Lerping material of a GameObject causes massive performance issues

I have a GameObject (let’s call it groupOfModels) whose children are all buildings (gameobjects), who also have children gameobjects (windows, doors, etc.). I am Lerping the materials of each of these buildings to white. It works, but the problem is that it causes massive performance issues when changing the scene, all of which can be traced back to GC.DeleteUnusedAssets in the Profiler.

Here is my code:

void InitializeBuildingFade(Renderer[] group)
{
    lerp = 0f;

    childrenMaterials = new Material[group.Length][];
    newMaterials = new Material[group.Length][];
    // We need to use a for loop to copy values into the arrays
    for (int i = 0; i < group.Length; i++)
    {
        //.sharedMaterials refers to the original source material, not the instance
        childrenMaterials[i] = group[i].sharedMaterials;
        //.materials refers to the current instance of material
        newMaterials[i] = group[i].materials;
    }
}

void BuildingFade(Renderer[] group)
{
    lerp = Mathf.MoveTowards(lerp, 1, 0.2f * Time.deltaTime);

    for (int i = 0; i < group.Length; i++)
    {
        for (int j = 0; j < childrenMaterials[i].Length; j++)
        {
           // lerp to the whiteMaterial
                newMaterials[i][j].Lerp(childrenMaterials[i][j], whiteMaterial, lerp);
        }
        // we can't lerp the materials immediately from the renderer because renderer.material.lerp
        //only works for the first instantiated material, and many of our objects have more than
        //one material. So we have to set all the materials this way.
        group[i].materials = newMaterials[i];

    }
}

InitializeBuildingFade is called only once. BuildingFade is called in Update for around 5 seconds. The argument for InitializeBuildingFade is simply groupOfModels.GetComponentsInChildren<Renderer>().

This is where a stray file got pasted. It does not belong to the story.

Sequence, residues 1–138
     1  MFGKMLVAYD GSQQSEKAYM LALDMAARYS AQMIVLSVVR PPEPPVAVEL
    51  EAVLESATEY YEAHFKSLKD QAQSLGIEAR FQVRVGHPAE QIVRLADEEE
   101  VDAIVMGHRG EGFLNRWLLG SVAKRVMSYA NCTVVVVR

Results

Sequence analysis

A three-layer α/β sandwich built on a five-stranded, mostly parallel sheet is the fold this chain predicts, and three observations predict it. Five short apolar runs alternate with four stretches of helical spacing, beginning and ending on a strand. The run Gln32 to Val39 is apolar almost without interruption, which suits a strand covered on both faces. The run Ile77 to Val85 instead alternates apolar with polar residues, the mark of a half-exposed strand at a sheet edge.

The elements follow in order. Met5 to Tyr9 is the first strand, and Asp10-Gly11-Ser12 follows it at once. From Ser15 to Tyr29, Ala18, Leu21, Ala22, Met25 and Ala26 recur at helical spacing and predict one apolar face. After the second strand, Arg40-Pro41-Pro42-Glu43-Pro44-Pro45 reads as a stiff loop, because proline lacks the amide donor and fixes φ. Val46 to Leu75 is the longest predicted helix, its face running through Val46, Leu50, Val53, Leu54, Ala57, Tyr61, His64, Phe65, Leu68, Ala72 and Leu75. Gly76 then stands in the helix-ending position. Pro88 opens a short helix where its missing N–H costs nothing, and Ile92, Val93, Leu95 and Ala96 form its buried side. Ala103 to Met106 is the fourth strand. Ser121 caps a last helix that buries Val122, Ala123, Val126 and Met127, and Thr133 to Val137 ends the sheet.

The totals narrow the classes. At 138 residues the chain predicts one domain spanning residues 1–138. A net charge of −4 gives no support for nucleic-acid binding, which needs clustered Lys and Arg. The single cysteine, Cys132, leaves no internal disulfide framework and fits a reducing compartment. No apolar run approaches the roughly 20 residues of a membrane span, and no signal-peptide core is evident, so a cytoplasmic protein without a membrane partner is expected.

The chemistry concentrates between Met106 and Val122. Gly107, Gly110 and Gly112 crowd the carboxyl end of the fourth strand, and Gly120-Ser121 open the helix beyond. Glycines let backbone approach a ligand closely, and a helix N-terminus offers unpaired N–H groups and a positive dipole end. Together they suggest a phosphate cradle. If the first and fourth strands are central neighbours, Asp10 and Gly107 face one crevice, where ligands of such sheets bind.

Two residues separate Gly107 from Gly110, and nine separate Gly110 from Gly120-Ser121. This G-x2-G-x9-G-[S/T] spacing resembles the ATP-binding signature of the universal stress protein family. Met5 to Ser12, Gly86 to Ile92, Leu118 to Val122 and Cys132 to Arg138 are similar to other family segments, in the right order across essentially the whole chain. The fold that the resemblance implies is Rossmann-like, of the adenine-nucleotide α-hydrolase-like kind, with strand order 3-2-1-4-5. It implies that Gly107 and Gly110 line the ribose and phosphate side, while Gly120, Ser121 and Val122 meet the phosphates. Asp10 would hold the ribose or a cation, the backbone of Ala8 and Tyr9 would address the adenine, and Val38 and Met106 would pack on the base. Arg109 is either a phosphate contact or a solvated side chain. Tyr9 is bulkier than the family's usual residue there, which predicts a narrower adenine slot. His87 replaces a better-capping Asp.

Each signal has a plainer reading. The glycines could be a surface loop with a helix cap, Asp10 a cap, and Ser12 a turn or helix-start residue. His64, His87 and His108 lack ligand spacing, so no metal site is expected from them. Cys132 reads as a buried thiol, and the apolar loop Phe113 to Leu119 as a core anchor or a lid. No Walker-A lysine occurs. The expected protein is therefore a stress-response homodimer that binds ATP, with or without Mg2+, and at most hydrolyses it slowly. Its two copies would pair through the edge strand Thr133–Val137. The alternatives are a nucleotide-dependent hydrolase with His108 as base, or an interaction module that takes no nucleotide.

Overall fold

Anybody got any ideas as to how I can improve the performance, or of a better way to do this?

Thanks!

Do all these GameObjects share the same shader and properties ?
if so , why not just create a single MaterialPropertyBlock that contains the alpha value , and pass THAT to the materials ?
if not , specify your setup and what’s shared and unique between the renderers

Edit:

For textures it’s really the same approach , you can group your buildings by the texture they use and create a MaterialPropertyBlock per <Color,Texture> combination for example , the decision is yours since you have the complete context.
As for other solutions , there are MANY and they will depend on how much you’re willing to research/experiment , here are some suggestions :

  • Merge stuff as much as possible , don’t have your building fragmented into multiple parts if possible
  • you can merge the buildings that have the same (material,color) combination into one mesh and render them once like that
  • You can mark you buildings as static meshes if you don’t need to move them
  • You can use one material , and one mesh for all your buildings , and put the dynamic stuff into the vertex color or UVs , very typical optimization for game assets
  • You can as (you mentioned) do occlusion culling of LODs
  • Instanced rendering with Graphics.DrawInstanced

Many solutions exist , so just experiment and try them out

Accessing .Materialand .Materials(as opposed to the “shared” variants) creates new copy instances of the Material that you are now liable to Destroy. Your script isn’t Destroy()-ing them, so it’s leaking them instead.

In the Memory Profiler those are called out as Leaked Dynamically & Runtime Created Assets. On scene switch the Asset GC (Resources.UnloadUnusedAssets) has to clean those out but that’s about the only time it gets called for you so you might as well crash OutOfMemory before then if memory pressure is high enough.

You could also reduce the scene switch time by Destroying the old material instances each frame before setting the new ones, but really, the better approach would be the MaterialPropertyBlock mentioned by @EtherealPineapple.

Pictures of the materials I am using.

And here is one of them in the inspector:

And here is an example of a GameObject group whose materials I want to change: